7. 7. There are many myths about accessible technology (http://bit.ly/eY1Xhj ) and aparticularly common one is that “accessibility stops you using images on thewebsite”. It certainly does not. As I mentioned earlier, if you put criticalcontent as images, without appropriate text descriptions, then visually impairedusers will miss it. But we find that many people with low vision find thatimages help them navigate around pages even if they cannot see fine detail.Even users with no vision can find that images on the page help them form amental picture of the layout of the page. The most important point - as mycolleague Mickela Perera eloquently pointed out in our World Usability Daypodcast on communications - is for designers to check that the website stillworks with images turned off.Slide 6 Screen shot of Mickela‟s podcasthttp://www.system-concepts.com/articles/usability-articles/2010/accessibility-tips.html
  8. 8. One of the biggest myths is that “disabled users are only a small minority” sowhy bother? It is true that registered disabled users are a minority. Butaccording to a recent report in the Guardian newspaper, 36% of the 9 milliondisabled people in the UK are regularly online – a minority, but a sizeable one.However there is a much larger number of users who are not classified asdisabled, but who would benefit from accessibility features, including being ableto increase font size, adjust image contrast or use text to speech in noisyenvironments. We were once asked by a car insurance website manager whyhe needed to bother with visually impaired users as they would not be drivinganyway! Apart from his legal obligations, we pointed out that some users withvisual impairments can still drive, and anyway, they may well wish to buyinsurance for others.Researching employment opportunities for this talk, I came across theEuropean Blind Union website which showed the kind of jobs which aresuitable for people with low vision.Slides 7 European Blind Union jobshttp://www.euroblind.org/jobwebsite/jobcategory.htm
  9. 9. And just in case you think there are only a few limited opportunities undereach heading, these lead on to further detail including many jobs suitable forpeople, who are completely blind:Slide 8 Administration jobs http://www.euroblind.org/jobwebsite/admin.htm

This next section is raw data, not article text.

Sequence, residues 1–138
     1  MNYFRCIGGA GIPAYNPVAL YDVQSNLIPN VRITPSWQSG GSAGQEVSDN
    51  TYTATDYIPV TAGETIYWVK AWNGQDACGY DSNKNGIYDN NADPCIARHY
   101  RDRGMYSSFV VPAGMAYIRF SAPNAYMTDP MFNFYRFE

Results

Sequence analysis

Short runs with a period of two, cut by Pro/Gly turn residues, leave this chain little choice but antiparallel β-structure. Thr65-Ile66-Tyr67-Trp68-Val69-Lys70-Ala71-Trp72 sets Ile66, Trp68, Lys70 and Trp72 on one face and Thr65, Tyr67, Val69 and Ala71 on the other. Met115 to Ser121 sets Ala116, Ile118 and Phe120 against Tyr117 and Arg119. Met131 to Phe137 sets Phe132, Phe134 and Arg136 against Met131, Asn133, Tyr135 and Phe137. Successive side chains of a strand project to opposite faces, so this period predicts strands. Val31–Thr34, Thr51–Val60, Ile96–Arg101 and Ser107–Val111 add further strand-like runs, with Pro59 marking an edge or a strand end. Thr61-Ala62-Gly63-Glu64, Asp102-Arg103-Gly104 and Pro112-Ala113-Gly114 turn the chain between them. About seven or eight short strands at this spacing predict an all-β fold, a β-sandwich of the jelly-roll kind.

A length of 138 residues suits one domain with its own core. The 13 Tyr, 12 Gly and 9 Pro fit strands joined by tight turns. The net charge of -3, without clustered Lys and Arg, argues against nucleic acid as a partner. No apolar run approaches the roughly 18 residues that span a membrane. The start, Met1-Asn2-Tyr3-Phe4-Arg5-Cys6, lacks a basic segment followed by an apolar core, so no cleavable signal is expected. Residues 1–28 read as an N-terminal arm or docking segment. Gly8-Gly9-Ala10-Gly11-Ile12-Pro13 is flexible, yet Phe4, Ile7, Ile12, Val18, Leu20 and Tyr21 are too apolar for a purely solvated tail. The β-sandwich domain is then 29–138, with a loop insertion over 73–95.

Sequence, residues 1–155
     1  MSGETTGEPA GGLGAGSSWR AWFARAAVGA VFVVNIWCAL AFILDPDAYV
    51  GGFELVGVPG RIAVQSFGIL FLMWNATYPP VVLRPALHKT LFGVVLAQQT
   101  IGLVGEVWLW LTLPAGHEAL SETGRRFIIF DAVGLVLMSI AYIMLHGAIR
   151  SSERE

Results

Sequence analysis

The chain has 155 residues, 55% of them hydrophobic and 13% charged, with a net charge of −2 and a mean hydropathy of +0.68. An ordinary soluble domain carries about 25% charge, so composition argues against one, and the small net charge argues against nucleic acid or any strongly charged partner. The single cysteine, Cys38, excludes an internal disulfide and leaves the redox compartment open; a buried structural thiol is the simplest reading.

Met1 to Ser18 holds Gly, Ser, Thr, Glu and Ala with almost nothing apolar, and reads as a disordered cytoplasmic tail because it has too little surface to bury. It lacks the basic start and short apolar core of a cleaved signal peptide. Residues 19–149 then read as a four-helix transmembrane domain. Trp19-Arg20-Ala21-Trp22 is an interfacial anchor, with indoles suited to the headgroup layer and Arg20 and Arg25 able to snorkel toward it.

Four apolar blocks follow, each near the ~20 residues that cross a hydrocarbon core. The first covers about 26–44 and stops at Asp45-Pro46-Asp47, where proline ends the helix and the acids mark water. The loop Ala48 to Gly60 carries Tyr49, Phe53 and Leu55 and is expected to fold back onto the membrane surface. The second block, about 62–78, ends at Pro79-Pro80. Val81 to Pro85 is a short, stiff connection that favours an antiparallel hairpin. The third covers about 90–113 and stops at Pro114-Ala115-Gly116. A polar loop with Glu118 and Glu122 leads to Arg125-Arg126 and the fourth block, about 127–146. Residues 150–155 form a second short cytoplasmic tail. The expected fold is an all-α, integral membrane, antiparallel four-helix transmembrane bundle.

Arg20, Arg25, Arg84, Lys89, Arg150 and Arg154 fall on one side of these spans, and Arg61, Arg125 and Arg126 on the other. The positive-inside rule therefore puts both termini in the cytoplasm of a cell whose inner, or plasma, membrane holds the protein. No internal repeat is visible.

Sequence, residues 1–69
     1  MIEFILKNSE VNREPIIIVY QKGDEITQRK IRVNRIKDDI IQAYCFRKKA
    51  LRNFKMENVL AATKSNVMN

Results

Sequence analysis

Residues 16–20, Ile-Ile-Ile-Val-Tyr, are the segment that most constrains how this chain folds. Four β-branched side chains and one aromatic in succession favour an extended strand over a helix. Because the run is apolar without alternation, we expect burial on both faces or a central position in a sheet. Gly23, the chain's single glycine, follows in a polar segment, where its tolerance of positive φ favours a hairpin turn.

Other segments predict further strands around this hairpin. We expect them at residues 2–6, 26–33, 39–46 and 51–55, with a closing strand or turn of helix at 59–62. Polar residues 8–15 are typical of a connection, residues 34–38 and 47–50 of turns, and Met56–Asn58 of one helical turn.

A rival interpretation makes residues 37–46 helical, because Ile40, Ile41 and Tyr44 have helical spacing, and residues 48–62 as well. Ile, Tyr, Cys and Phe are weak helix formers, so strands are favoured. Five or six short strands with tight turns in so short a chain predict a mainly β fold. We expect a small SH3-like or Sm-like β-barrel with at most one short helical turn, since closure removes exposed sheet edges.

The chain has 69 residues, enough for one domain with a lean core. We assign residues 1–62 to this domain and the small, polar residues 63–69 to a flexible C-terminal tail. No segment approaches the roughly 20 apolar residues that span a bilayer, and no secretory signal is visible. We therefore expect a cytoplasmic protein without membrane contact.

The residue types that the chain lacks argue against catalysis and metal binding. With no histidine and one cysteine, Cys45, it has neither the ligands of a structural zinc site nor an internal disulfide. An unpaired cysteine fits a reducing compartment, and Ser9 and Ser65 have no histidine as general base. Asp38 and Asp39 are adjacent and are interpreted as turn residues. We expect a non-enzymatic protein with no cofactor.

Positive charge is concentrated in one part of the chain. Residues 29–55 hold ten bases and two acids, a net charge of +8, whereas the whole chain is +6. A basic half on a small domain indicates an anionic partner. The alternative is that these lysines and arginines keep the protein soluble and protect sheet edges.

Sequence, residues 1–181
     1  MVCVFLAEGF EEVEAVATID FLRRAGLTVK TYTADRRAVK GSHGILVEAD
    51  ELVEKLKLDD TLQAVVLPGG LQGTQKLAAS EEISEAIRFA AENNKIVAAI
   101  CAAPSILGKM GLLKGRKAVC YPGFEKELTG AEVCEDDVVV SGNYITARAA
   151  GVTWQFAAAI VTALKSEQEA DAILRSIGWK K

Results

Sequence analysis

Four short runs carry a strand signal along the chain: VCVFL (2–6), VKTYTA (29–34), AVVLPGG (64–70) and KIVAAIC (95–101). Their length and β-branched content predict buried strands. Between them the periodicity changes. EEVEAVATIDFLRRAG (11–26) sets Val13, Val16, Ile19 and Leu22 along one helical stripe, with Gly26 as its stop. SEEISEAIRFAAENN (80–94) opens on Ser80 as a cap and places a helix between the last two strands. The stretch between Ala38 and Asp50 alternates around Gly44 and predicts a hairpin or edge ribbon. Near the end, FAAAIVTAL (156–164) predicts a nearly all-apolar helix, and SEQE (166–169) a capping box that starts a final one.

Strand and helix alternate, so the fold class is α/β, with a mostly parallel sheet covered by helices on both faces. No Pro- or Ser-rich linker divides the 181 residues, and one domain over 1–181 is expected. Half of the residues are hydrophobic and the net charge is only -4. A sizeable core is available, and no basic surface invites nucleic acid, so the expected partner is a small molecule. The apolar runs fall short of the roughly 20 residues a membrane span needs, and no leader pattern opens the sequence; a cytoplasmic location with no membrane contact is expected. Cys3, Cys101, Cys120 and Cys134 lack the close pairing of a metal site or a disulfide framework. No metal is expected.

10. 10. Regarding accessibility as an option for a minority is a big mistake. In mostcountries there are laws to protect the interests of people with low vision andother disabled people. In the UK, the Disability Discrimination Act 2005 hasnow been replaced by the Equality Act 2010, and makes it a legal requirementfor service providers (including website providers) not to discriminate againstpeople with disabilities. So websites which offer special deals online mustensure that their websites are accessible to avoid breaking the law.World-wide, the United Nations Convention on the Rights of Persons withDisabilities, which came into force in 2008, made accessible and assistiveInformation and Communication Technologies (ICTs) a legal right.Slide 9 UN convention websitehttp://www.un.org/apps/news/story.asp?NewsID=26554&Cr=disab&Cr1
  11. 11. National bodies, standards makers and regulators are beginning to take action.This impact is only just „trickling down‟ to consumers but we believe that inthe future inaccessible technology won‟t just be unusable and annoying, it willbe breaching people‟s human rights. Yet, as we have indicated briefly above, itreally is not difficult to accommodate users with disabilities including low visionand there are really no excuses for ignoring this important section of thecommunity and workforce.Tom Stewart, December 2010www.system-concepts.com